20. Demonstration of catalytic combustion with residual fuel

    NASA Technical Reports Server (NTRS)

    Dodds, W. J.; Ekstedt, E. E.

    1981-01-01

    An experimental program was conducted to demonstrate catalytic combustion of a residual fuel oil. Three catalytic reactors, including a baseline configuration and two backup configurations based on baseline test results, were operated on No. 6 fuel oil. All reactors were multielement configurations consisting of ceramic honeycomb catalyzed with palladium on stabilized alumina. Stable operation on residual oil was demonstrated with the baseline configuration at a reactor inlet temperature of about 825 K (1025 F). At low inlet temperature, operation was precluded by apparent plugging of the catalytic reactor with residual oil. Reduced plugging tendency was demonstrated in the backup reactors by increasing the size of the catalyst channels at the reactor inlet, but plugging still occurred at inlet temperature below 725 K (845 F). Operation at the original design inlet temperature of 589 K (600 F) could not be demonstrated. Combustion efficiency above 99.5% was obtained with less than 5% reactor pressure drop. Thermally formed NO sub x levels were very low (less than 0.5 g NO2/kg fuel) but nearly 100% conversion of fuel-bound nitrogen to NO sub x was observed.

  1. Highly Selective H2 Separation Zeolite Membranes for Coal Gasification Membrane Reactor Applications

    SciTech Connect

    Mei Hong; Richard D. Noble; John L. Falconer

    2006-09-24

    Zeolite membranes are thermally, chemically, and mechanically stable. They also have tunable molecular sieving and catalytic ability. These unique properties make zeolite membrane an excellent candidate for use in catalytic membrane reactor applications related to coal conversion and gasification, which need high temperature and high pressure range separation in chemically challenging environment where existing technologies are inefficient or unable to operate. Small pore, good quality, and thin zeolite membranes are needed for highly selective H{sub 2} separation from other light gases (CO{sub 2}, CH{sub 4}, CO). However, zeolite membranes have not been successful for H{sub 2} separation from light gases because the zeolite pores are either too big or the membranes have a large number of defects. The objective of this study is to develop zeolite membranes that are more suitable for H{sub 2} separation. In an effort to tune the size of zeolite pores and/or to decrease the number of defects, medium-pore zeolite B-ZSM-5 (MFI) membranes were synthesized and silylated. Silylation on B-ZSM-5 crystals reduced MFI-zeolite pore volume, but had little effect on CO{sub 2} and CH{sub 4} adsorption. Silylation on B-ZSM-5 membranes increased H{sub 2} selectivity both in single component and in mixtures with CO{sub 2}CO{sub 2}, CH{sub 4}, or N2. Single gas and binary mixtures of H{sub 2}/CO{sub 2} and H{sub 2}/CH{sub 4} were separated through silylated B-ZSM-5 membranes at feed pressures up to 1.7 MPa and temperatures up to 773 K. For one BZSM-5 membrane after silylation, the H2/CO{sub 2} separation selectivity at 473 K increased from 1.4 to 37, whereas the H{sub 2}/CH{sub 4} separation selectivity increased from 1.6 to 33. Hydrogen permeance through a silylated B-ZSM-5 membrane was activated, but the CO{sub 2} and CH4 permeances decreased slightly with temperature in both single gas and in mixtures. Therefore, the H{sub 2} permeance and H{sub 2}/CO{sub 2} and H{sup 2} /CH{sub 4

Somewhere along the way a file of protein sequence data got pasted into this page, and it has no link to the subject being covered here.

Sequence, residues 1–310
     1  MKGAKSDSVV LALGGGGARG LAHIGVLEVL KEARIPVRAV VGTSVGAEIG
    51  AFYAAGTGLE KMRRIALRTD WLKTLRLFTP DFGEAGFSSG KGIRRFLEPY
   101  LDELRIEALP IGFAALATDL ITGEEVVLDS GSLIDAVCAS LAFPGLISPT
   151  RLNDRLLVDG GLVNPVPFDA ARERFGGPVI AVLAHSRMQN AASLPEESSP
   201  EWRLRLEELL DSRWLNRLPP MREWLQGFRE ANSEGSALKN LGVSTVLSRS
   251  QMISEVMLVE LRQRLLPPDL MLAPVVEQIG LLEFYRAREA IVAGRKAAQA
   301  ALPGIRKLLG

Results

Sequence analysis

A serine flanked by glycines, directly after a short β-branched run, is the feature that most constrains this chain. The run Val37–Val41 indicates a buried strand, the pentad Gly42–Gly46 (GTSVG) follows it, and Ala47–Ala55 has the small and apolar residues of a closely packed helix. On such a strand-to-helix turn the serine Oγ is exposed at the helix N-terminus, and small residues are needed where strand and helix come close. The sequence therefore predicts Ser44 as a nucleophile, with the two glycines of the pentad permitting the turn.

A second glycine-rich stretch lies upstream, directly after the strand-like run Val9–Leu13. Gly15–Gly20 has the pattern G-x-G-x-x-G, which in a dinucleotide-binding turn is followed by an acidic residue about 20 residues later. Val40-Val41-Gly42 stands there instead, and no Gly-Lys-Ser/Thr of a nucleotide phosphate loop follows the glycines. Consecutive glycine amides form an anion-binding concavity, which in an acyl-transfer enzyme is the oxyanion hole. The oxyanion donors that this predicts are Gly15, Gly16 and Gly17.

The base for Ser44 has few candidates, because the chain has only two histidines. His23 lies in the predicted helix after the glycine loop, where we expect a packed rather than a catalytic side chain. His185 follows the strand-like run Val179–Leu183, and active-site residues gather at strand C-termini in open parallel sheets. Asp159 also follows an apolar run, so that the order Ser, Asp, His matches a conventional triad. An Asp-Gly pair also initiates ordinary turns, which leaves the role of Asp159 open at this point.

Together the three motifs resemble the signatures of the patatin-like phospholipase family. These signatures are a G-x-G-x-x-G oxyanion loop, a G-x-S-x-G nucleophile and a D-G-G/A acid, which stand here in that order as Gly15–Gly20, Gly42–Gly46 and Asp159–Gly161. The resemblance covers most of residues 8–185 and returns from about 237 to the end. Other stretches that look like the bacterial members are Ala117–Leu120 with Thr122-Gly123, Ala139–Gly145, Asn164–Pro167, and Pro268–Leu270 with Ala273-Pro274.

2. Proteins causing membrane fouling in membrane bioreactors.

    PubMed

    Miyoshi, Taro; Nagai, Yuhei; Aizawa, Tomoyasu; Kimura, Katsuki; Watanabe, Yoshimasa

    2015-01-01